Imperial Irrigation District is saving a lot of water

There’s something that really jumps out in the Bureau of Reclamation’s final accounting of 2016 Lower Colorado River Basin water use.

In May, the Bureau releases the official accounting, which is a meticulous, tedious, closely watched and monitored and argued over report on who used how much water on the Lower Colorado. Much to digest in the report, and I haven’t ground through the full details yet, but this caught my eye.

The Imperial Irrigation District, the largest water user on the Colorado River, saved 513,573 acre feet in 2016 through a variety of conservation programs. That is more than two Las Vegas’s consumptive use. That is more than ten Albuquerques.

Crops and a canal, Imperial Valley, March 2014, by John Fleck

Some of this involves longstanding conservation efforts done in collaboration with other California water agencies, some is more recent. Some involves fallowing fields to conserve water, some system efficiencies, some canal lining. Here’s the tally, from a presentation last week to the IID board by district water manager Tina Shields:

  • IIM/MWD system efficiency agreement: 105,000 af
  • All-American Canal Lining: 67,700 af
  • Fallowing: 152,641 af
  • Main canal seepage interception: 35,393 af
  • Interties between canals, allowing more efficient water movement: 3,603 af
  • 12-hour deliveries (amazing the water saved by delivering water in more precisely timed blocks!) 11,651 af
  • on-farm efficiency 138,585 af

That adds up to a 20 percent decrease in water consumption since 2003 on the part of the largest user on the Colorado River. That’s a lot of water. We don’t have the 2016 ag production numbers yet, but in general what we’ve seen during that period is an increasing trend in agricultural productivity. In 2015, inflation-adjusted farm income was up 26 percent from 2003. As I wrote in my book, as water becomes more scarce, farmers have been shifting land out of low-dollar crops like alfalfa and into high-dollar crops like lettuce and other vegetables.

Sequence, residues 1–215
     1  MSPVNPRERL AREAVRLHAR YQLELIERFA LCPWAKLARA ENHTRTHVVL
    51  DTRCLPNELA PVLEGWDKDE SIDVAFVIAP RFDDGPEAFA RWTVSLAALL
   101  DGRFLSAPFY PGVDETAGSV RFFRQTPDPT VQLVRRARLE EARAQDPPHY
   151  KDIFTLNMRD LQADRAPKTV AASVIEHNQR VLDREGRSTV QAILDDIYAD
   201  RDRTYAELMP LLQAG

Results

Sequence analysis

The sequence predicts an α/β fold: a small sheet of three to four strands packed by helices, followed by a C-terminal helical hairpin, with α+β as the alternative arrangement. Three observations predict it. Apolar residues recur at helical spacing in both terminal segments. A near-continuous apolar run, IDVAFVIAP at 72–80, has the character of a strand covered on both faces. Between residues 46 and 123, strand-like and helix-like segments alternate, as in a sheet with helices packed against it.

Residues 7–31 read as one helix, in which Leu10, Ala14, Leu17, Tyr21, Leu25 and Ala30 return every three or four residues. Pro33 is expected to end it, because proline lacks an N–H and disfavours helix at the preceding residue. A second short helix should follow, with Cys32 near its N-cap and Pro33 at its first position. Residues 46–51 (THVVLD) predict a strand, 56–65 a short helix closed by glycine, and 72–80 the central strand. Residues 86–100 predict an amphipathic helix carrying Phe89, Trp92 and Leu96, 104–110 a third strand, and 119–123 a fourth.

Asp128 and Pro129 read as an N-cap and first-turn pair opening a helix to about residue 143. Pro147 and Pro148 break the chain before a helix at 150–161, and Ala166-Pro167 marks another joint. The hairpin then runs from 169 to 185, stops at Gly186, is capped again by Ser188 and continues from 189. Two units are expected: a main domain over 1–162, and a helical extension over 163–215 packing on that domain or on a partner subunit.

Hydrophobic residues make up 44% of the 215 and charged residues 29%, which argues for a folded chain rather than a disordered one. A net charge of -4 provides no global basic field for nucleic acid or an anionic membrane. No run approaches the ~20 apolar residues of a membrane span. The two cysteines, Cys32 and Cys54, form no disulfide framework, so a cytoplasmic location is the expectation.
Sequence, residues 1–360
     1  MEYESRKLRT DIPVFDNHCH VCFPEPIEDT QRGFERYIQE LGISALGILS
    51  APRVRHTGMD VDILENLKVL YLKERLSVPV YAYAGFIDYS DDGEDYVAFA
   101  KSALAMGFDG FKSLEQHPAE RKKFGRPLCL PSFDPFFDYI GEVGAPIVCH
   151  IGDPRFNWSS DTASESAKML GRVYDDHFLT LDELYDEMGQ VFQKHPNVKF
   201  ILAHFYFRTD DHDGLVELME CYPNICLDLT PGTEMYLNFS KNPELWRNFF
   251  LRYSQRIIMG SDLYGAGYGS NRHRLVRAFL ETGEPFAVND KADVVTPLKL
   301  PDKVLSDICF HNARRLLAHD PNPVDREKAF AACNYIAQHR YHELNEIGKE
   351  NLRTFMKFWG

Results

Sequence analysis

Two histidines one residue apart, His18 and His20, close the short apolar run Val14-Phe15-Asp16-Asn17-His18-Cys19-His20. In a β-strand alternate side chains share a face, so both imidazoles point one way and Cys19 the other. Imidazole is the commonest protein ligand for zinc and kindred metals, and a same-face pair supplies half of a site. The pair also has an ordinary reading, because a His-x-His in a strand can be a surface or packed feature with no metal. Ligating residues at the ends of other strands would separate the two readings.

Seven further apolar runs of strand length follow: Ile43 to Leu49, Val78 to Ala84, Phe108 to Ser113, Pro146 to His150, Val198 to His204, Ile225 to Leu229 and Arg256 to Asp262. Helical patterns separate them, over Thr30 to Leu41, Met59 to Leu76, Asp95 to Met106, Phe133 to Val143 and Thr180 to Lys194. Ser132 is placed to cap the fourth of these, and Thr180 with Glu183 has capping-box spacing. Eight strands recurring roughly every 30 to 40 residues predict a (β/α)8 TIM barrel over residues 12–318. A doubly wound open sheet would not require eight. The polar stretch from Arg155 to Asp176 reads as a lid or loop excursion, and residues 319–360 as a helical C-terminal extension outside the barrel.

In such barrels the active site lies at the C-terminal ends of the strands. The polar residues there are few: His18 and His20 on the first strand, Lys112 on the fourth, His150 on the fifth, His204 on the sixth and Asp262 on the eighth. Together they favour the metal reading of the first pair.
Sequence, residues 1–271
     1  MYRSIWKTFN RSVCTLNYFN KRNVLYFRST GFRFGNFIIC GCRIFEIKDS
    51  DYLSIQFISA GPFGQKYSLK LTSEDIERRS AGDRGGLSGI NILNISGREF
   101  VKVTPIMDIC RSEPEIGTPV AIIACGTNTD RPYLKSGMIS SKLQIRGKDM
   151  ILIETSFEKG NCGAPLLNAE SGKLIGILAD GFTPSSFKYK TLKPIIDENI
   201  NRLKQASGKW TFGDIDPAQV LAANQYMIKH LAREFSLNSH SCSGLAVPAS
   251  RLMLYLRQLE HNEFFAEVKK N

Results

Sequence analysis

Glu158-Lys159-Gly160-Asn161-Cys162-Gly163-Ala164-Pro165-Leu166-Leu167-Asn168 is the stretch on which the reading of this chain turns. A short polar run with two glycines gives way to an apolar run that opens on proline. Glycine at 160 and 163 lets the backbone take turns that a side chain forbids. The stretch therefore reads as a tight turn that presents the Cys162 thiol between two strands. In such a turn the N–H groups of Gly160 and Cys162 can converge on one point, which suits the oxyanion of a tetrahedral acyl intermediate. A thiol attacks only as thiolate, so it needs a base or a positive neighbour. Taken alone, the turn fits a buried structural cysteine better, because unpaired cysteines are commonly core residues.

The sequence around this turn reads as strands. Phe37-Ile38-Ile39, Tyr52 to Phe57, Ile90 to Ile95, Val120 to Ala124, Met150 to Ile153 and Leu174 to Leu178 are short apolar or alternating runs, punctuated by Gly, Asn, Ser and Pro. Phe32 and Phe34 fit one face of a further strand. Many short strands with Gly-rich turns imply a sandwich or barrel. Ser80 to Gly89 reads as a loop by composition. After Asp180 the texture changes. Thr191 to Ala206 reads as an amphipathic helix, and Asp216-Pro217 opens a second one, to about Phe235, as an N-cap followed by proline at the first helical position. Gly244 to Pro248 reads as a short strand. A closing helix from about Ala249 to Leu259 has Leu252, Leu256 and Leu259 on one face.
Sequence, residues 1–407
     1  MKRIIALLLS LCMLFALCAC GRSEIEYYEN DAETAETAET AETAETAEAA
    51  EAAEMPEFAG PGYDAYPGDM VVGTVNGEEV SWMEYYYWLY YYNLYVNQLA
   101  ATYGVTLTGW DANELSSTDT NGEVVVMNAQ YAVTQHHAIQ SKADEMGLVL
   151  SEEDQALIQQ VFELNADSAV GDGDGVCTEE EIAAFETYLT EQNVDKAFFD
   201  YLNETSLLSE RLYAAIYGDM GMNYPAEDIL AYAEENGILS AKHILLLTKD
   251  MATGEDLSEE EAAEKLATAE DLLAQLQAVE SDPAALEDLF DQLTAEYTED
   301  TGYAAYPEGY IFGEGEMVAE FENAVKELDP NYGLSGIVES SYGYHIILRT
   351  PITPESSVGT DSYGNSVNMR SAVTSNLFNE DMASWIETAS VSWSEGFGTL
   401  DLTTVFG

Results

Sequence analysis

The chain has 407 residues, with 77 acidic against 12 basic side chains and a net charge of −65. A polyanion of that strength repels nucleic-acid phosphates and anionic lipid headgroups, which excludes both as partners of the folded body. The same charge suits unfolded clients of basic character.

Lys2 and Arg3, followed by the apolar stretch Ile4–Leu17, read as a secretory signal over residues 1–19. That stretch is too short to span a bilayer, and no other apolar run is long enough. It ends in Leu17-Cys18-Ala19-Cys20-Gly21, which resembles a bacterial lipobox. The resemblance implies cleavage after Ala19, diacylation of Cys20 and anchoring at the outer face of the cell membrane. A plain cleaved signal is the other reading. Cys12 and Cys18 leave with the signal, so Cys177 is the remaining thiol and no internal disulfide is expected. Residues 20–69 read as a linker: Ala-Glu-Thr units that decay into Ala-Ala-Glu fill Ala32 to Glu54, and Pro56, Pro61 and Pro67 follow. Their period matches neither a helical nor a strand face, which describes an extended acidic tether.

Less water, more agricultural productivity. Important lessons here.

6 Comments

  1. Good stuff as always John. Will be interesting to see if this trend continues and if or how other similar mostly ag delivery organizations do the same. It is a positive in the usual “sky is falling” story on ag water use.

  2. Brian –

    The timing’s a little different, but the story is similar for Arizona’s on-river ag – the Colorado River Indian Tribes and the folks in the Yuma area. They peaked in the early 1980s, and current use is ~25 percent below that. That means that essentially all the big desert agriculture on that section of the Colorado is using less than it used to.

  3. Hi John — are those farm income numbers specifically for PVID, or generally for the state / region?

  4. The farm production numbers are for Imperial County (this is Imperial we’re talking about here, not PVID). Imperial County ag production numbers are almost entirely Imperial Irrigation District – small fraction down in Bard, but doesn’t change the overall trend.

  5. Hi John,

    I’m not sure whether you’re still checking this post for comments, but here goes.

    In the following phrase, are you referring to Imperial County? If not, what region?
    “…in general what we’ve seen during that period is an increasing trend in agricultural productivity.”

    And how are you defining “productivity”? (Based on the subsequent sentences you seem to be talking about income increasing, not agricultural productivity increasing; but perhaps I’m misunderstanding you.)

    Thanks — cheers.

  6. Jenny –

    Good question, thanks. In this case I’m referring to Imperial County (which is IID plus Bard, but Bard’s tiny). But it also applies to Yuma County across the river. I’m measuring productivity by inflation-adjusted agricultural sales. Production of the vegetable crops has gone up in both volume and dollar terms – lettuce, onions, carrots, etc. The reduction in water use has come from a reduction in acreage for the lower-dollar-value feed crops, mostly alfalfa, so both money and volume have dropped. Cattle production has been pretty stable.

    Similar pattern in Yuma, though the time frame is different – the trend away from low-dollar alfalfa and cotton and toward vegetables, especially lettuce, began earlier.

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